The Wood County Park District is a natural resources conservation agency with twenty parks and nature preserves.
The mission of the Wood County Park District is to conserve, enhance and protect the natural and cultural resources of Wood County, while providing quality outdoor recreational and educational opportunities for Wood County citizens.
Located in Northwest Ohio just south of Toledo, the Wood County Park District was originally established to administer land along the River that had been donated by the Nyswander-Thurston family of Grand Rapids in 1934. In accordance with Ohio law, a Board of Park Commissioners was formed, and a small millage was set aside from the county taxes to cover expenses. A few years later, Otsego Park was purchased from the State following the bankruptcy of the former amusement park. In 1951, William Henry Harrison Park was created when the Pemberville Civic Club sold their land along the Portage River to the Park District.
Over the years, each park has been developed to enhance the natural, cultural and historical aspects in their respective areas. At the time, however, the costs associated with the maintenance of those facilities outweighed the small millage set aside for Park District operations. As a result, the Park District donated the Nyswander-Thurston Park property to the State of Ohio in 1969, creating Mary Jane Thurston State Park.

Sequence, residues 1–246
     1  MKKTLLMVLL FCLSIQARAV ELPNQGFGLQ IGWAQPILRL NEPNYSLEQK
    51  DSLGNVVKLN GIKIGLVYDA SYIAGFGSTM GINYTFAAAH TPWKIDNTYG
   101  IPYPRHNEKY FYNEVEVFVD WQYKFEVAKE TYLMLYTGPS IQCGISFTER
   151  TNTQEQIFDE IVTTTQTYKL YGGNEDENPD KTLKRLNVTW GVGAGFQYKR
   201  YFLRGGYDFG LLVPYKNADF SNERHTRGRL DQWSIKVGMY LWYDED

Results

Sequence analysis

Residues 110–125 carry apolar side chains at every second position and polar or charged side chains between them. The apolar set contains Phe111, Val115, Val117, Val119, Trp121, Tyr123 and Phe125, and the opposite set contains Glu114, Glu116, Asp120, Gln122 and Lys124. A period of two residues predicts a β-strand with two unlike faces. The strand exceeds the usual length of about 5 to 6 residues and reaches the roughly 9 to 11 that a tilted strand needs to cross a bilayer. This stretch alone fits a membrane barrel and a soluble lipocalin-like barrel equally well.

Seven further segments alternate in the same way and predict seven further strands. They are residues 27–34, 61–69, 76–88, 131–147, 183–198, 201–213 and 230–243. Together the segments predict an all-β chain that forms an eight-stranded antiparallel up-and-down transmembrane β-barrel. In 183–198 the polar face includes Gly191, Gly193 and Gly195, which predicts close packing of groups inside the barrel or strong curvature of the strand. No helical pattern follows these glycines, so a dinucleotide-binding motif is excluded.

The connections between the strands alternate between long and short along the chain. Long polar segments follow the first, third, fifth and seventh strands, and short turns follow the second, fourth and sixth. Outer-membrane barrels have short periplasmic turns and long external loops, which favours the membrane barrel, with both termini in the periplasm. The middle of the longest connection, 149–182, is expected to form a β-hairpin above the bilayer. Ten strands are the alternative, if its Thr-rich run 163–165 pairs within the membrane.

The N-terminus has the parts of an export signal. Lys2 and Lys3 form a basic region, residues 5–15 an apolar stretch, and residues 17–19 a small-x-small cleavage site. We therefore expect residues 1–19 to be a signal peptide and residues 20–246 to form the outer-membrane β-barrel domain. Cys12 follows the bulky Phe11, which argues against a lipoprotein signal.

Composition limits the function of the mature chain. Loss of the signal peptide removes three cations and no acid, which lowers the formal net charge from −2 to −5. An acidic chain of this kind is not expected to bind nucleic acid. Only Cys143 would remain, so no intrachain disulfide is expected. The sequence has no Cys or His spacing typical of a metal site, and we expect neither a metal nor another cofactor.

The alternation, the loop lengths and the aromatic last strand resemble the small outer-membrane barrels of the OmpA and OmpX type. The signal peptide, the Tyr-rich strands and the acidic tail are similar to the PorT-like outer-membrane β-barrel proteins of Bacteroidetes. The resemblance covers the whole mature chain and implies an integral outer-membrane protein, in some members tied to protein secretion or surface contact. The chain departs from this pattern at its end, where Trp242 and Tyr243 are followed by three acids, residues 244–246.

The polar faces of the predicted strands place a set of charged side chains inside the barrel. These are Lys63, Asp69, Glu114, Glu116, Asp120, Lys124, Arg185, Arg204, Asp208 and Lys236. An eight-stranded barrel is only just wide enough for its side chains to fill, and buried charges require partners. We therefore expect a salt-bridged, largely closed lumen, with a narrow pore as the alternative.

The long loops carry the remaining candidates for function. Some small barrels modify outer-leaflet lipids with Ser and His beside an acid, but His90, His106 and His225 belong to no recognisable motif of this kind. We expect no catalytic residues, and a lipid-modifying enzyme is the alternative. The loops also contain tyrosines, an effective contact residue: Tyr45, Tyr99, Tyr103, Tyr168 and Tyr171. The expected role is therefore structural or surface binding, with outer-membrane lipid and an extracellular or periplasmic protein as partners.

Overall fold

With the addition of maintenance responsibilities at the former Wood County Infirmary site, potential responsibilities for operation of the proposed Cedar Creeks Preserve, and the demand for new park areas, it became apparent that the Park District needed a levy to continue park operations.
The first park levy was passed in 1988. With the passage by the voters, improvements were made to existing parks and opportunities for new facilities and expanded programs for the area residents were realized.
Since that time, the Park District has grown from three parks with twenty-two acres to twenty-one parks spread throughout the county that encompass more than 1,251 acres of park lands. This growth would not have been possible without the strong support of our community.